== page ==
Nabeela: In regards to shitty management on Stardom’s part, it doesn’t really surprise me, but it still does, a little a bit. I’m sure laundering happens in K-pop way more often than we think it already does. Part of me wants to say why would Stardom do this, they’re such a small entertainment agency, but then again, in reality, I doubt it makes a difference how big or how small you are, if you can take the money and run it really doesn’t matter where you are.
I’m glad Block B is sticking up for their rights as artists, like Amy mentioned, before they really get established. The boys are so talented and many of them are so involved with their music that I don’t doubt that they could succeed anywhere. But really thought how awesome would Block.B.A.P. be like c’mon TS make your move Secret really isn’t going places, now’s your chance. Woollim might be a fun place, or maybe J.Tune even? BlockBLAQ anyone?
Ambika: Stardom Entertainment seemed a bit off because Block B got less time on music shows with “Nillili Mambo” than 2012 rookies from smaller companies; likewise, EvoL was short on airtime; and that lawsuit against Brand New Music about Miss $ seemed like it was really reaching for straws–or I guess a cut in the profits in that case. I get that the group had their Thailand scandal, but even before that, with “Nanrina,” their screen time was ridiculously small and a frequent complaint among fans. Even with that, the great extent of the dissatisfaction and shade that seems to be surrounding events of the past year or so is shocking and an eye-opening way to start the new year.
What has been reassuring about this incident is the quick action that Block B’s side is taking to fight back against Stardom’s claims. Block B’s representatives responded to Stardom Entertainment’s official position within the same day, addressing each point of Stardom’s position and ending with a warning against believing every word the company puts out. At this point, it seems like Block B will come out on top of this one whole as long as they can follow through with their position. As to which company might take them, I just want one to.
Mark: I suspect there’s been some funny business going on with Stardom ever since its split with Brand New Music. It seems that Brand New Music left with all the veteran artists, leaving Stardom with mainly Block B. I find it particularly curious why companies quarrel over small amounts of cash. How hard is it to pay the members their monthly salaries?
It can be deduced from Stardom’s statement that there is possibly some conflict between wages being withheld from the members during the April to October 2011 period when the company had yet to reap in a profit. Even if Stardom wasn”t sure whether they were going to be profitable in the first six to seven months and did in fact withhold wages from the members without their acknowledgement, the least they can do is pay them back those wages so they can bury the issue. As for the other grievances, the whole money swindling and laundering by said CEO is quite egregious. Aren’t they headed by Cho PD? Where is he in all this?
Lindsay: If, in fact, shady business has been going on with Block B’s company since the group’s debut it would explain a lot. It always seemed strange to me that I hadn’t heard of them sooner, but their lack of participation in the larger variety circuit is certainly partially to blame for that. And speaking of fans calling for more Block B screen time, the group didn’t appear in any of the end of the year gayos. I don’t know about you guys, but I saw multiple comments on the world wide web from Block B fans noticing this. Seen in the new light of this recent issue, it is hard to say whether them not being present in the gayos had to do with the company’s poor promotional scheduling, or if the group and the company had already had a falling out (halting their activities completely) and simply didn’t make it public until now.
Fatouma: My first reaction to this was not again, and sobbing. I haven’t been a BBC for very long so I didn’t see any signs of this at all. All I’m really thankful now is that they’re doing this as an united front and are not divided. But I’m really worried for Block B surviving this debacle with their company, they’re not as established as let’s say JYJ, Shinhwa and JTL from H.O.T was when they split from their companies, so I wonder if they have strong enough support to move on from this and I wonder what entertainment company would be willing to take thim because of their issues last year. Kudos to them for taking this on so early on in their careers, but hopefully it doesn’t bite them in the butt in the long run. Fingers crossed for Jungle Entertainment to take this kids under their wings or perhaps Jay Park‘s label, SidusHQ?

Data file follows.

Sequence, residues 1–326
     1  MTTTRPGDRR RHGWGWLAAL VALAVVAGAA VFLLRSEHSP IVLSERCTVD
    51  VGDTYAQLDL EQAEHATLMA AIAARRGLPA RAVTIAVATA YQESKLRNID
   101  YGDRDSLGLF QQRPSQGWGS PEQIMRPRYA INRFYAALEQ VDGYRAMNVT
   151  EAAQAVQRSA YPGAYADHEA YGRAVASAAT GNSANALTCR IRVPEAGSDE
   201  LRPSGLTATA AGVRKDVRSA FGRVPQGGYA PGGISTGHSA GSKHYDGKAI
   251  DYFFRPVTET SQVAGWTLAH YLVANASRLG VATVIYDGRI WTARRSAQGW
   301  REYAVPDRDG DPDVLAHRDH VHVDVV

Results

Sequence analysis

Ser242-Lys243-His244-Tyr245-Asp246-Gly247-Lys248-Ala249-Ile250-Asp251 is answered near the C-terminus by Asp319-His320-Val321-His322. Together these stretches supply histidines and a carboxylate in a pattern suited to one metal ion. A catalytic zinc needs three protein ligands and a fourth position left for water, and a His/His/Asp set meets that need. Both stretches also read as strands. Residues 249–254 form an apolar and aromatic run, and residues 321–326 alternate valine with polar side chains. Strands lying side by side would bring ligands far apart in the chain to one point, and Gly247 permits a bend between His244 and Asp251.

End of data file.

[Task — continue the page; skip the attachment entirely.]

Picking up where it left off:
Sophia: I for one cannot fathom how a company that is claiming low returns can have the gall to launch a new girl group? If you don’t have the funds to pay your existing acts, don’t waste money trying (and failing) to make an impact during the most debut saturated year of the them all. I guess I agree with Nabeela though, if there was a time for Block B to come out about this, post-Blockbuster was it. Even if P.O. had to pay for the stage-outfits out of his own pocket (good lord I hope that’s just a rumor because I’m getting teary just thinking about it). That, and the fact that it could have had a bearing on the Thailand incident.
Here’s hoping they find an agency willing to take them all and not screw them over. Maybe an adoption campaign is in order…
Nicholas: As much as I like the idea of an idol group where fans appear to run things, it appears more like a nightmare particularly where many things that happen in K-pop function in such a mutually exclusive way, and when fans come in there is room for so much conflict.
Take for instance musical development. On one hand there are fans who are pleased with anything and everything their idols put out, then there are those who believe that the music should always aim to be better. Or even media exposure. While some fans prize their idols being in the spotlight constantly as a sign of popularity, there are those who would rather let the poor saps get some rest and not constantly be pressured into a comeback.
Add to that fandom at times being like touch paper on top of TNT and I kind of prefer my idol groups run by some company. In fact even for groups that claim to be fan oriented its often The Powers That Be who make key decisions.
Collectively-run talk aside I am wishing Block B would make it past this. They have too much left field appeal to be forgotten easily, as well as hoping someone would note how in some ways the idol game is so unfairly stacked against the performers.
(Images via: Stardom Entertainment, SM Entertainment, TS Entertainment, Sidus HQ)